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The participants summarise their talks

  • Counterculture: an existencial utopia
    Román Gubern

    Counterculture implied a system of values and life styles completely opposite to the dominating culture, perceived as repressive and antihuman. A number of previous factors contributed to its formation, like existentialism, rock n' roll music, the juvenile suburban subcultures of the teddy boys and the mods, the literary generation of the beatniks, the experimentation with drugs (Aldous Huxley, Timothy Leary), the underground press, and the critical though of the Frankfurt School transplanted to the United States (Theodor Adorno, Herbert Marcuse). All of them reactive factors stimulated in addition by the provocation of the Vietnam War policies. 

    Counterculture had basically two facets. The apolitical trend represented by the hippie movement, stemming in 1966 from California, a neo-romantic modality starred by the "flower child" and conformed by hedonistic tribes settled in a polymorphic sexual freedom, the expansion of conscience through meditation and drugs, and the the autarkic economic subsistence. The hyper-politicized trend took shape in the universities, particularly Berkley and Paris in 1968, and combined ideologies so different as anarchism and Maoism, with the intention of a revolutionary conquer of power. Both trends produced a significant symbolic capital, in the shape of magazines, musical productions, theatrical plays, cinematography, billboards and comic books. And although it was no too long until they extinguished, they left in society a legacy of new sensibilities in the fields of psychiatry, environmentalism, feminism, sexology, and alternative unionism.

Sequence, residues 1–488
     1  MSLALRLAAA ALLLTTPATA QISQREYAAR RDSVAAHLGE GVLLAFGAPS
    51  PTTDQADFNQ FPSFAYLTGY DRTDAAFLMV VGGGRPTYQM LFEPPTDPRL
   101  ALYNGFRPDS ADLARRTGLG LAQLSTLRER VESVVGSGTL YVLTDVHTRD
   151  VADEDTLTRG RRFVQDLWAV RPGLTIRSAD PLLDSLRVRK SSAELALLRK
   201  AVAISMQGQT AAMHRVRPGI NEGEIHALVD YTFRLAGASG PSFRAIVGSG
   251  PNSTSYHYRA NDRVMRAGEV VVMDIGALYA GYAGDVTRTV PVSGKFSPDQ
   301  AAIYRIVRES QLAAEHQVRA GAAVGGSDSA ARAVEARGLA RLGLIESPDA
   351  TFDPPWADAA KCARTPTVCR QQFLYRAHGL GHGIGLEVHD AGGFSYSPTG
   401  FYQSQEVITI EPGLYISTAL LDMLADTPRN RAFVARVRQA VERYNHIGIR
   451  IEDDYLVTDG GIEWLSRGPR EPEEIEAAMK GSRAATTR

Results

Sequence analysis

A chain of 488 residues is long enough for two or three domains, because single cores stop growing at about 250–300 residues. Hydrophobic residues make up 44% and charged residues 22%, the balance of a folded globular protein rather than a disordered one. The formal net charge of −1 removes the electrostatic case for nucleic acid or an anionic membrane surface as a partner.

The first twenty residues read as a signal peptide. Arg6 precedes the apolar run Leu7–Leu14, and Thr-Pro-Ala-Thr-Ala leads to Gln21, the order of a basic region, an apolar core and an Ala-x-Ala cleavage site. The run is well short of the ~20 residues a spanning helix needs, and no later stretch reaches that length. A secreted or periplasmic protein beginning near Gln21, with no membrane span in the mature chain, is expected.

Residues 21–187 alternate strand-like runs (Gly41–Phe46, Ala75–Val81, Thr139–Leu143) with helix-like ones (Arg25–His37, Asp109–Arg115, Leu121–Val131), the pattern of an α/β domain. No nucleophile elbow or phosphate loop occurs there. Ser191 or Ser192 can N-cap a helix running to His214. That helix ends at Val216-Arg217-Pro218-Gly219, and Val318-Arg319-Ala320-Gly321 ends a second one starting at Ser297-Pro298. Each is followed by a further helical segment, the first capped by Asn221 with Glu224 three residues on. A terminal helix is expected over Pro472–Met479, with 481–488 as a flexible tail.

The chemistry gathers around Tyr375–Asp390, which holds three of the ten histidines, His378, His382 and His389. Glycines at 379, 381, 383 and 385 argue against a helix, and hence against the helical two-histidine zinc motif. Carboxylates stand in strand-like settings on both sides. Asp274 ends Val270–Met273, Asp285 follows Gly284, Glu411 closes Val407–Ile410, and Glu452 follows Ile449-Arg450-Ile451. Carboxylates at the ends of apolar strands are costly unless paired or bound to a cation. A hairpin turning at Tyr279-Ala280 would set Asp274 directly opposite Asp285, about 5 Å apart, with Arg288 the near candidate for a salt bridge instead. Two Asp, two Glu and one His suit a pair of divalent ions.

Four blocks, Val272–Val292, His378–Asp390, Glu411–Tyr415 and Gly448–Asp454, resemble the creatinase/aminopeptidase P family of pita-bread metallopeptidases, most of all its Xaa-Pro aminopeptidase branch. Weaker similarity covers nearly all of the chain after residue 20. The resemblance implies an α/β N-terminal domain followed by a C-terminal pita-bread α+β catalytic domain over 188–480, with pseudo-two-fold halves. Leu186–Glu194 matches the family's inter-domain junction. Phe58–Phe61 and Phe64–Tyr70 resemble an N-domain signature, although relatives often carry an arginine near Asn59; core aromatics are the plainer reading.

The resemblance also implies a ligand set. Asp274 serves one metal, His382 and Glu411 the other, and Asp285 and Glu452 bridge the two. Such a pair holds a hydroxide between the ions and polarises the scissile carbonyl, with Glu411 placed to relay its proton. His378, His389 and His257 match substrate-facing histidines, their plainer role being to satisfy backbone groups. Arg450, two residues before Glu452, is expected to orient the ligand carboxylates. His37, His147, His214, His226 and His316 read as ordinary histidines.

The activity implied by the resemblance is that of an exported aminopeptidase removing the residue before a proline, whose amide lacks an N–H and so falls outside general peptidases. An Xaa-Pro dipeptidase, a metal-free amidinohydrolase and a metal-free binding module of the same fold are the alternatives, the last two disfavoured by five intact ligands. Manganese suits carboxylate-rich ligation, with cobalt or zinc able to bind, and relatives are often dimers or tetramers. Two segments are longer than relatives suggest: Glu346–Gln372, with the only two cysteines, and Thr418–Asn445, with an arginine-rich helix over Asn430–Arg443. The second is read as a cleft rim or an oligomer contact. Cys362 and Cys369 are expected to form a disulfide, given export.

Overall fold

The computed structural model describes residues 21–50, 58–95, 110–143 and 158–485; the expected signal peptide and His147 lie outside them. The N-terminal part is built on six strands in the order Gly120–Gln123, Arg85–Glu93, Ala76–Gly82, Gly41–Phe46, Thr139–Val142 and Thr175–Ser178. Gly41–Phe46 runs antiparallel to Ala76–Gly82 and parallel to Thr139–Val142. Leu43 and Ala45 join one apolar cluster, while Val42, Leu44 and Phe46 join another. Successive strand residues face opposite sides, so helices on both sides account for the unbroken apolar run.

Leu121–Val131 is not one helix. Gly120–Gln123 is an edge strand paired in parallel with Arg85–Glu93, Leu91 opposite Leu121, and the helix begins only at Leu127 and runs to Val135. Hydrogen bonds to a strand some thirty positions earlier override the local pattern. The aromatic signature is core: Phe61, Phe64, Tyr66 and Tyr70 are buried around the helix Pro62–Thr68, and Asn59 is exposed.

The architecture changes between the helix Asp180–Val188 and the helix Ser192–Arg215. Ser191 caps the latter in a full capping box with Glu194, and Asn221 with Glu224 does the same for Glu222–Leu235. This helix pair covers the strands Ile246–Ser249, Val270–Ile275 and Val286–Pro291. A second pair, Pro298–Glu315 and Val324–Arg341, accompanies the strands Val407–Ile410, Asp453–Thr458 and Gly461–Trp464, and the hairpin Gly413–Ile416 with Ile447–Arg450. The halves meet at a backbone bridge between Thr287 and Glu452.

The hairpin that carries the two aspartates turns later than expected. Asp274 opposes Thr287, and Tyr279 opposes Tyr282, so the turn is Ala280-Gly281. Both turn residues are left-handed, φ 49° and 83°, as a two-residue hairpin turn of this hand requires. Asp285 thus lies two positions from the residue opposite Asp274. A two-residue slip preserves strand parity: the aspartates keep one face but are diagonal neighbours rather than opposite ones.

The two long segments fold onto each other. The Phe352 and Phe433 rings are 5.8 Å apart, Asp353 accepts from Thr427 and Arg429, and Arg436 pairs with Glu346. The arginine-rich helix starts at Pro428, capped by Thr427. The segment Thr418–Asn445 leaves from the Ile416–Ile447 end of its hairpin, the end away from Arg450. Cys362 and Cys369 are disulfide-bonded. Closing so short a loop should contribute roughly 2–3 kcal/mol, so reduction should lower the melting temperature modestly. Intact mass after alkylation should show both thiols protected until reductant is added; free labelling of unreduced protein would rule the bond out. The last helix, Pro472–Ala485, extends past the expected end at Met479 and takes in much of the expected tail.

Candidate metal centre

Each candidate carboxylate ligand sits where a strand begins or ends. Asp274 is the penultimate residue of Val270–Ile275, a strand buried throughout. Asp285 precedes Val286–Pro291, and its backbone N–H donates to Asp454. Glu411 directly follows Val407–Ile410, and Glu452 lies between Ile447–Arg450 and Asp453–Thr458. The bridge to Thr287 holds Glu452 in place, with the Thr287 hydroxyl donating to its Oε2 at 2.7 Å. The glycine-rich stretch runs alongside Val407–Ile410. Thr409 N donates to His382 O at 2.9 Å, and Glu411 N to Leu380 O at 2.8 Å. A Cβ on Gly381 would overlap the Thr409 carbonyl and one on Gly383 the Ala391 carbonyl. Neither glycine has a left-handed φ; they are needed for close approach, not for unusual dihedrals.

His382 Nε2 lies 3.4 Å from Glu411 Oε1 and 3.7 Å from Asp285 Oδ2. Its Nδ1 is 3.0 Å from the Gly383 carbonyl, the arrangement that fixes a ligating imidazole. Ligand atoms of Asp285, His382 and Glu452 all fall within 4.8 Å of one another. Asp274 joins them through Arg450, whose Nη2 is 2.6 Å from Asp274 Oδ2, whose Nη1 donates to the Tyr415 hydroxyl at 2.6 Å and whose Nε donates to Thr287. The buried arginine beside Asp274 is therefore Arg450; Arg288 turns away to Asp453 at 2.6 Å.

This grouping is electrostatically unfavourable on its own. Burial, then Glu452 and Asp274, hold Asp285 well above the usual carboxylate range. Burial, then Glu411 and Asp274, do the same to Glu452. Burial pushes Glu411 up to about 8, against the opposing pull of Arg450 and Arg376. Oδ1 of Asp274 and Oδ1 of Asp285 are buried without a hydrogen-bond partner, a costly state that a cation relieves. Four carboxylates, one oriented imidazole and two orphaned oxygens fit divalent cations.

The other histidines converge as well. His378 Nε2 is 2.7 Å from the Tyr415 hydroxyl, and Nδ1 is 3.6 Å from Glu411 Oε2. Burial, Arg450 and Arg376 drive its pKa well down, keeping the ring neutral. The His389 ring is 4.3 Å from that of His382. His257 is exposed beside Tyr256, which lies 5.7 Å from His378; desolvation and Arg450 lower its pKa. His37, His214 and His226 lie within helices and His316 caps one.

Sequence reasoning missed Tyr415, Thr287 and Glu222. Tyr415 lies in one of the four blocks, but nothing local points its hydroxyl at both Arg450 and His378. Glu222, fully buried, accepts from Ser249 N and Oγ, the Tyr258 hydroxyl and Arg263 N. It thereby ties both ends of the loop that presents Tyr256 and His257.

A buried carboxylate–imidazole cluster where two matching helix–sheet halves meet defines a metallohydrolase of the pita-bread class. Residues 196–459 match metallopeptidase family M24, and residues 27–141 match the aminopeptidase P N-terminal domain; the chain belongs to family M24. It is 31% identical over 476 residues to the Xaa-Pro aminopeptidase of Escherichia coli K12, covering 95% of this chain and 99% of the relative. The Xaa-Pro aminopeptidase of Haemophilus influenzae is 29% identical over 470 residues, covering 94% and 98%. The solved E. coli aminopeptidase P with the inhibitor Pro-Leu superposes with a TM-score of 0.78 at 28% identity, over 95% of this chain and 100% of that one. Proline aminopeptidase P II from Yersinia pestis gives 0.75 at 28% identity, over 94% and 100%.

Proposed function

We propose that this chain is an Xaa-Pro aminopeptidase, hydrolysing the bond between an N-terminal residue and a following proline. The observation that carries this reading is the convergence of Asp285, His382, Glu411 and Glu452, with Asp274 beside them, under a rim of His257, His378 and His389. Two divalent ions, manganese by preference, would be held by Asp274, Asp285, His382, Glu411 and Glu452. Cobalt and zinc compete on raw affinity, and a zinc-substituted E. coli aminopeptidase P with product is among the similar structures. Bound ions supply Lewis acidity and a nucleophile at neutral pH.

• Paris 1968: power and imagination
    Francisco Fernández Buey
    The most famous slogan of the French May of 68, and probably the most repeated, read the following: Imagination to power. Everybody has heard this repeated many times as a symbol and summary of the Paris student revolt. After being repeated for hundreds of times, the sentence has been trivialized to the point that outside of its context, seems to suggest other things: hippies and provos, playful protest, environmentalism and pacifists. And yet, what the people writing it in the walls of the Sorbonne really wanted to say has little to do with pacifism, playful protests and environmentalism. With the aim of recovering the original sense of this famous sentence, I propose in this conference to make a historiographic reflexion about what was understood as power and imagination in the Paris of 1968.
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